Samsung has suspended trading with a supplier following a watchdog report which has questioned Samsung’s internal audit process

Samsung, the multinational South Korean electronics and the world’s largest smartphone producer, has suspended trading with a Chinese supplier as a consequence of child labour allegations.

The allegations against Samsung’s Chinese supplier, Dongguan Shinyang Electronics, follows an investigation by American labour watchdog China Labor Watch where they published a report on July 10 accusing the Chinese firm for hiring child workers. China Labor Watch argues that Dongguan Shinyang Electronics employed at least five children during a production period of high demand, paying them less than the hours they worked. The Chinese law for hiring workers stipulates that it is against the law for children under the age of 16 to be employed.

During their undercover probe, the U.S.-based watchdog also discovered that the Chinese company was failing to abide to the law on 15 occasions, including child labour, lack of insurance for staff, lack of wages for overtime and inadequate safety exercises.

The conclusions of the investigation led Samsung to declare a temporary suspension of all associated business with the company embroiled in allegations, enforcing their zero-tolerance stance on child labour.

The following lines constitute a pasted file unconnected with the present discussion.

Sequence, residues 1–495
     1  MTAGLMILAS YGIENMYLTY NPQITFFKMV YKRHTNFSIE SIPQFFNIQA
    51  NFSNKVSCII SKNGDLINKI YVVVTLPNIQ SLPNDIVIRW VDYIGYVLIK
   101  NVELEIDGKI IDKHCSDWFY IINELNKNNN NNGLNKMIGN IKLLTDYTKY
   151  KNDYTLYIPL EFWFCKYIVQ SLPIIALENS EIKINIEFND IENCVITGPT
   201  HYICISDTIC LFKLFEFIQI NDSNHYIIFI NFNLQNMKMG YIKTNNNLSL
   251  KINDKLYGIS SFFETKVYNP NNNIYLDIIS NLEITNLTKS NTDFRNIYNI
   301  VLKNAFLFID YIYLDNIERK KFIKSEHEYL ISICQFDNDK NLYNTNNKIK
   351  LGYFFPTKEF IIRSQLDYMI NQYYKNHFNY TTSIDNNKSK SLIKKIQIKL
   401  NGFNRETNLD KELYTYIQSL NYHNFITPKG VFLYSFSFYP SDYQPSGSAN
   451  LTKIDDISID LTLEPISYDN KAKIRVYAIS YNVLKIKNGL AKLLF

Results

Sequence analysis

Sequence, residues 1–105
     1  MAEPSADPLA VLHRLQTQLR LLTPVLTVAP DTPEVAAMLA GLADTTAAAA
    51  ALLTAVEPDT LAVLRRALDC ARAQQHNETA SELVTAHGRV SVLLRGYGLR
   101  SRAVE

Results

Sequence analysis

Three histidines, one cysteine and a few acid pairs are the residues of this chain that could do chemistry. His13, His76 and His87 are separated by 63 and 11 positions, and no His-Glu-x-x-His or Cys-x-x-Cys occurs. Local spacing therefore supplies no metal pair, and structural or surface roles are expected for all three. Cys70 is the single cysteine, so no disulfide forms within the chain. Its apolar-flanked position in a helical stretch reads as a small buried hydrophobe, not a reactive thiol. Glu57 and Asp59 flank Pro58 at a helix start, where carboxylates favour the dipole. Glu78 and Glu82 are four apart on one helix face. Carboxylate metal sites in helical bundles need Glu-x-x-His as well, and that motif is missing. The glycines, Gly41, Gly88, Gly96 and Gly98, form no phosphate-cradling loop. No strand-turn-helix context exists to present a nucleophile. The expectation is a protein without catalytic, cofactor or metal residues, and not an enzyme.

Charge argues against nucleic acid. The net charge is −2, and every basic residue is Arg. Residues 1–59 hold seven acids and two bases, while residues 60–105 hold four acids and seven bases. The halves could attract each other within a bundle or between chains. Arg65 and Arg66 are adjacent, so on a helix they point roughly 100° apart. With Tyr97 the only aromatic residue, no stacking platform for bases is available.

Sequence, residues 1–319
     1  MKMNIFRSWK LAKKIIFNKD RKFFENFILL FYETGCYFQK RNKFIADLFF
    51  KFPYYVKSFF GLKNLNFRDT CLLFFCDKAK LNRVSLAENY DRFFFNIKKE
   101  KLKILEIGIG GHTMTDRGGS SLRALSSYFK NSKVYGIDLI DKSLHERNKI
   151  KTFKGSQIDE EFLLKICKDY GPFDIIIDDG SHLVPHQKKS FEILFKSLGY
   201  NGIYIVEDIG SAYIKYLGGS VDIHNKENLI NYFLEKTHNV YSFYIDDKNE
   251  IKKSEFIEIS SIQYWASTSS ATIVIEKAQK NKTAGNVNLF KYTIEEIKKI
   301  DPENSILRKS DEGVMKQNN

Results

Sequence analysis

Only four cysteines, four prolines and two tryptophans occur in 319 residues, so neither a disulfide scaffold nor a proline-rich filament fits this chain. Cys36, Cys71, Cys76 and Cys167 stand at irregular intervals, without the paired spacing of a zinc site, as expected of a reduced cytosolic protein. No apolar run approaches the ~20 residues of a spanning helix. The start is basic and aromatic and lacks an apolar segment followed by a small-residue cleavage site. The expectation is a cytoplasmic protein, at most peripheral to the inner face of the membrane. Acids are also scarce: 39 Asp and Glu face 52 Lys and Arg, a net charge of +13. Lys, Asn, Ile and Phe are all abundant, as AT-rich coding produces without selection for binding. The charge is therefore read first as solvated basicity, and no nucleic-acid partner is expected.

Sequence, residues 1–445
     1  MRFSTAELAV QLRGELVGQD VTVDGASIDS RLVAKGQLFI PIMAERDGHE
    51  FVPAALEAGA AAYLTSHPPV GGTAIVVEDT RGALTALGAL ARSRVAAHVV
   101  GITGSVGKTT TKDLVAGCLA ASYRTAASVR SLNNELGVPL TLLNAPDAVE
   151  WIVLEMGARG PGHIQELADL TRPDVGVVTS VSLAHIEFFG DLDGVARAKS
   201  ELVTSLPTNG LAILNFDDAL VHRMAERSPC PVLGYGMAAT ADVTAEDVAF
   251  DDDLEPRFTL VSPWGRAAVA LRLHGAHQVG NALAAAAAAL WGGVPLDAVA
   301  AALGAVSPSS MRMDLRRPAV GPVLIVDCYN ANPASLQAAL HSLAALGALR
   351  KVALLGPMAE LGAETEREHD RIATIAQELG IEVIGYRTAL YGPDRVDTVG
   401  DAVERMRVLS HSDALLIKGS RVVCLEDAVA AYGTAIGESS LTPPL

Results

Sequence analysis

However, the South Korean firm was swift to defend and distance itself from the investigation outcomes, clarifying that Samsung had completed three separate audits since 2013, with the latest on June 25. During those inspections, Samsung claimed that zero cases of child labour were found.

Despite Samsung claiming to have previously completed routine check-ups on their suppliers, including multiple audits for the supplier in question, the independent findings by the American watchdog perhaps questions the rigidity and diligence of Samsung’s internal audits.

However, over the hundreds of suppliers audited by Samsung since the 2012 warning of Chinese tendencies to employ minors, this is the first case where Samsung’s investigations have found evidence of unlawful practice. On the other hand, since evidence and ensuing allegations arose from the external watchdog report, perhaps it is arguable that Samsung’s internal audits of other suppliers may also have failed to uncover illegal operations.

The case has yet to conclude, with the Chinese authorities reportedly intervening to conduct their own inspections. However, in light of the situation, Samsung is to further investigate the matter internally, whilst stating that the company shall address and improve the recruitment process at its production plants and suppliers to ensure that the situation does not occur again.


— Angus McCarter, Editor (Business)

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